By Lauren Smart
By Jane R. LeBlanc
By Lauren Smart
By Elaine Liner
By Jim Schutze
By Rachel Watts
For whatever reason, the latest Pegasus Theatre comedy Deadline!, a 10-year-old Kurt Kleinmann script dusted off and re-presented as part of the theater's "All Dallas Playwrights Season," is more enjoyable than what I've come to expect from Kleinmann's "black and white" series. If you've spent even one year familiarizing yourself with the Dallas theater scene during the last 14 seasons, you know that these technically strenuous shows are Kleinmann's invention--a black-white-gray coordination of sets, costumes, lacquered-on makeup, and lacquered-on actorly mannerisms designed to re-create the look of films from the '30s and '40s.
They are often, though not exclusively, the kiosks from which artistic director-actor-writer Kleinmann peddles his Harry Hunsacker stories, in which an aspiring actor turned detective and his bright-enough-for-both-of-them assistant Nigel Grouse attempt to solve the mystery of why Kleinmann has clung to this format for so long. One production may be faster-paced, better timed, and more skillfully acted, but by curtain call, you realize they have all been dispensing the same sugar-laced but not especially flavorful desserts from the Pegasus cart. You don't want to hurt the server's feelings--the offerings are often impressively decorated--but there's something about knowing exactly how these artfully presented pastries are going to taste that makes you feel like somebody is fooling himself. You can admire frosting in swirls, loops, or little teardrop-shaped dollops, but it's still empty calories.
Of course, this complaint is mostly the sound of a critic banging his head against a wall, because a show like Deadline!, a Harry Hunsacker mystery set at a big-city newspaper, is really critic-proof: The stuff pundits complain about in these shows is usually the reason people want to see them.
That hasn't stopped a couple of us in town from lobbing complaints at the repetitious nature of black-and-white shows specifically and Pegasus Theatre comedy in general. Once Kleinmann the playwright introduces nebbishy drama critic David Cooper (Aaron Friedman) as one in his journalistic cast of Deadline! characters, the masochist in me hoped that Kleinmann would seize the opportunity to bang his critics' heads against a wall. Well-orchestrated onstage revenge tastes sweet even when it's aimed in your direction, and Kleinmann drops hints that he's in the mood to settle some scores. One character asks Cooper what show he's writing about, and the whiny-voiced, four-eyed pundit answers, "A comedy. The audience laughed all the way through it. It was so annoying."
It's difficult to imagine a more inspired force majeure than the animus of a stage artist toward a stage critic, but sadly, that's the closest the character David Cooper comes to getting cuffed around the ears. Indeed, he becomes the one loose end in a show that manages to untangle a writhing viper's nest of haunted pasts and nefarious deeds. You wonder whether Kleinmann didn't introduce Cooper with the intention of satirizing him but somewhere along the line lost his nerve.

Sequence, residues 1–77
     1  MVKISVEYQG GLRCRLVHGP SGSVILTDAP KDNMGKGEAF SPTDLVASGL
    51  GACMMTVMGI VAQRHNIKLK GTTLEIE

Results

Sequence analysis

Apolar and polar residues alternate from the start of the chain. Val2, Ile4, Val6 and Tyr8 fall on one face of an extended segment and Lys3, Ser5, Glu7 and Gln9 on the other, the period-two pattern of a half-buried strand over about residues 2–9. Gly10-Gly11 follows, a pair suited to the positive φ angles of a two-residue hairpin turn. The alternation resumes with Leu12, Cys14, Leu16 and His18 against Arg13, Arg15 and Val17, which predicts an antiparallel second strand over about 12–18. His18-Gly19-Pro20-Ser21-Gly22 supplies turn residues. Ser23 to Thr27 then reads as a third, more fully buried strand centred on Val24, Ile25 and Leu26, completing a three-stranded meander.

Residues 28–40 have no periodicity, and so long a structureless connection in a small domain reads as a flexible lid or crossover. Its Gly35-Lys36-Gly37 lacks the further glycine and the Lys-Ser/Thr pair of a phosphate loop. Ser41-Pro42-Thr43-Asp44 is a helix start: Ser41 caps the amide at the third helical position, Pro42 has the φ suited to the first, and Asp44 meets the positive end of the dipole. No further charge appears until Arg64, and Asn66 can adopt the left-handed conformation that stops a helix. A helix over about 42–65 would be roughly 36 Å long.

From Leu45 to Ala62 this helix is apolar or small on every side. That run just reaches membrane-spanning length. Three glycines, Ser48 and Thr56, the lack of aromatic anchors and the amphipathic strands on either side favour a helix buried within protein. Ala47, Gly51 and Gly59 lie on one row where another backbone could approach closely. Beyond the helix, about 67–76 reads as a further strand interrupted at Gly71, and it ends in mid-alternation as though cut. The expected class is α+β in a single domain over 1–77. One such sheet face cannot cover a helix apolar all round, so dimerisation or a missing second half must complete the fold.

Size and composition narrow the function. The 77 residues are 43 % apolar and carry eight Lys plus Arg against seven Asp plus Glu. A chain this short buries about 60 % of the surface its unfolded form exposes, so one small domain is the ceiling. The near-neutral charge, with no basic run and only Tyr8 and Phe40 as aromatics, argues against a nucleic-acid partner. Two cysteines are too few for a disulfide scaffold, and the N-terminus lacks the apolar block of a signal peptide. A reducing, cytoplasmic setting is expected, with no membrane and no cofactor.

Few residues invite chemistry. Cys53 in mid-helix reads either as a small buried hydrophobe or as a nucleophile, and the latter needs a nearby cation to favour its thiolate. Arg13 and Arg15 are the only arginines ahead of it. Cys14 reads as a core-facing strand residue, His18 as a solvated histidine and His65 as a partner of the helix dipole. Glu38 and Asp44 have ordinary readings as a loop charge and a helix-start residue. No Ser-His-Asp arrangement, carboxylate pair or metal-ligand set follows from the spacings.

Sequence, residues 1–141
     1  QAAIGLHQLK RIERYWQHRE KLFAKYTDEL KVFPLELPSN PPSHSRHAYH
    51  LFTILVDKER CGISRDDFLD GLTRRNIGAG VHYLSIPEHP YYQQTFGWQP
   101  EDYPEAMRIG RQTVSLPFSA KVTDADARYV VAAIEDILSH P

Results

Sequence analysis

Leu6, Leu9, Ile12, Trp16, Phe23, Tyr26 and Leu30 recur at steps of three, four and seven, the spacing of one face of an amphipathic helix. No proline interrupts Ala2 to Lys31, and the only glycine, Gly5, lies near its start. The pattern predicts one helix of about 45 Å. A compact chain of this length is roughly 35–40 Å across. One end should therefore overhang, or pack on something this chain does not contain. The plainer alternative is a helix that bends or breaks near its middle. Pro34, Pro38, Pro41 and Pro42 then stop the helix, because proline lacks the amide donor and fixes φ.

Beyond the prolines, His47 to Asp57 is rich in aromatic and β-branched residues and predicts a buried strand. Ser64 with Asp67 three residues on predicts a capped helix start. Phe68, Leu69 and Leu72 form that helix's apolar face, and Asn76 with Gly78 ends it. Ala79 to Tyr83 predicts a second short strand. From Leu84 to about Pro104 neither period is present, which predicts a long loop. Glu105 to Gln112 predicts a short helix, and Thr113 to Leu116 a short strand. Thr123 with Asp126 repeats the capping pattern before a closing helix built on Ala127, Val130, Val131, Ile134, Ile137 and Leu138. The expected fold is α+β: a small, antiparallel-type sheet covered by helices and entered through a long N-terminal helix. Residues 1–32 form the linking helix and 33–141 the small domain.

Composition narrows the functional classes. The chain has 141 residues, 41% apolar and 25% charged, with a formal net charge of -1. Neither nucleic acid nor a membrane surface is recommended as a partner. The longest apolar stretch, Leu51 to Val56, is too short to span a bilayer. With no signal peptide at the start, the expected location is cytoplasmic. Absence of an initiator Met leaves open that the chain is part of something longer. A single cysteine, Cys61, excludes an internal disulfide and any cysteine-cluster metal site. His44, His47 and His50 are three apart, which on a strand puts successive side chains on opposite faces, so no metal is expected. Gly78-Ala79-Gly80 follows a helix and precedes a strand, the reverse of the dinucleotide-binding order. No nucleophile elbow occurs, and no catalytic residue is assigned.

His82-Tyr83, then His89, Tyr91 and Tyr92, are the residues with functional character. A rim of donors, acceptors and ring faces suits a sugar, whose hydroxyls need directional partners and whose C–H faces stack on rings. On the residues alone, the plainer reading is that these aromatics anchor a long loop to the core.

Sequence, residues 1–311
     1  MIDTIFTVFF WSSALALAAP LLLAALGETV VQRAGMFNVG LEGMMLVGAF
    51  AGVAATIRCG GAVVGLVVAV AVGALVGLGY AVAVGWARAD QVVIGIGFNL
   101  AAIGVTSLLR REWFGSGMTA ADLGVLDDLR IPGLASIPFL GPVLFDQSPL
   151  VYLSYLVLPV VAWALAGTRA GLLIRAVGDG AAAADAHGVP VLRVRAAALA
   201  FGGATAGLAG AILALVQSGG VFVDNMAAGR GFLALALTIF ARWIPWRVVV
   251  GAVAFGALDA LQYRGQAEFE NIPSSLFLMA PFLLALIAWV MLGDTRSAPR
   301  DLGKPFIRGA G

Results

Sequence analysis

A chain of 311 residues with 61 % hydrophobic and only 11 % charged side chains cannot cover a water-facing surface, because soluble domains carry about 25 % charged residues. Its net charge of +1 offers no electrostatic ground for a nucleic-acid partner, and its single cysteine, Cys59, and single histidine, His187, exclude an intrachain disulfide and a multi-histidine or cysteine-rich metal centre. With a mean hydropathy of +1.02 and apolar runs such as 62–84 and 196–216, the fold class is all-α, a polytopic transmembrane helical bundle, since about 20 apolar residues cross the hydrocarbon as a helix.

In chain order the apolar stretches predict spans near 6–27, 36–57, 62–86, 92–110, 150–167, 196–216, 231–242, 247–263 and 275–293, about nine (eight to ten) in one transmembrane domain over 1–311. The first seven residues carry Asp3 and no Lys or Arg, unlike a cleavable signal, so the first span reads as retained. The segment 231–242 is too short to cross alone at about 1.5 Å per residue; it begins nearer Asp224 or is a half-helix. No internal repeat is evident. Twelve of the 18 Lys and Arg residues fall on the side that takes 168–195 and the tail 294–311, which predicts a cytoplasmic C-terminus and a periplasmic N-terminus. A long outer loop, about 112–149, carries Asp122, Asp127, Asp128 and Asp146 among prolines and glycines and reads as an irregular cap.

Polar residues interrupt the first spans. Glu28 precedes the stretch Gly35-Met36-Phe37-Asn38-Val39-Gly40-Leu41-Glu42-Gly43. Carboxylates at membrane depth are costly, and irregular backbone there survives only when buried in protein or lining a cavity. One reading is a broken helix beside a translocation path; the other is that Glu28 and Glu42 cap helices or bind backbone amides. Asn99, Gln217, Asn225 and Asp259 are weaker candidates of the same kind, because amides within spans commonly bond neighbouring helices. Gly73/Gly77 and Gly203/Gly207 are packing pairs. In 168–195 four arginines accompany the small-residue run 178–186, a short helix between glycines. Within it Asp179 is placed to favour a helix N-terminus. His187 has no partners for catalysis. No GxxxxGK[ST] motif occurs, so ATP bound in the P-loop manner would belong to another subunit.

The rest of Deadline! goes off fleetly and amiably enough with a cast of newspaper types introduced to mass audiences by the likes of Billy Wilder and Frank Capra. There's the society columnist (Shannon Woelk) aching to write investigative journalism; the blustery city editor (A. Raymond Banda) who steals credits from struggling writers; and the cravenly opportunistic journalist (Stephen Clifton) who jumps to a rival newspaper, but not before he compromises himself in the pursuit of a Pulitzer. Along with rising movie star Ann Devlyn (Leslie Patrick), a woman given to "memory attacks" that eventually turn prophetic, they are drawn into a homicidal web being investigated by Hunsacker (Kleinmann) and Grouse (Dan Cunningham).
On a relative scale of Pegasus quality, director Steven Shayle Rhodes makes sure Deadline! meets its responsibilities with some delightful comic turns, especially from the women. Blinding blonde Patrick and raven brunette Woelk bring the most unself-conscious mimicry to their roles, thus evolving from mere mimics to pale flesh incarnations of those peculiar celluloid women of 1937 (the year the play is set). I wanted to see more of Woelk after her brief but sparkling work in last year's Pegasus hit Reefer Madness, and her fluid brassiness here fulfills that promise.
As Hunsacker, Kleinmann prompts scattered laughter, but he remains a performer who doesn't always seem comfortable on stage. Banda stomps and bullies successfully as the hard-drinking editor, but a role performed entirely in this key starts to gnaw on your nerves after a while.
Diverting and sometimes charming though Deadline! is, yet another black-and-white Harry Hunsacker comedy in which Kleinmann bumbles and stumbles in flour makeup begs the question "Why?" Kleinmann the playwright is certainly in a unique position to see his scripts produced on his own stage, and he's provided laudable opportunities for other Dallas scribes to do so, so why doesn't he spread his own wings a little instead of trying to prove ad nauseam that he has the slang, the situations, and the sensibilities of World War II-era cinema down pat?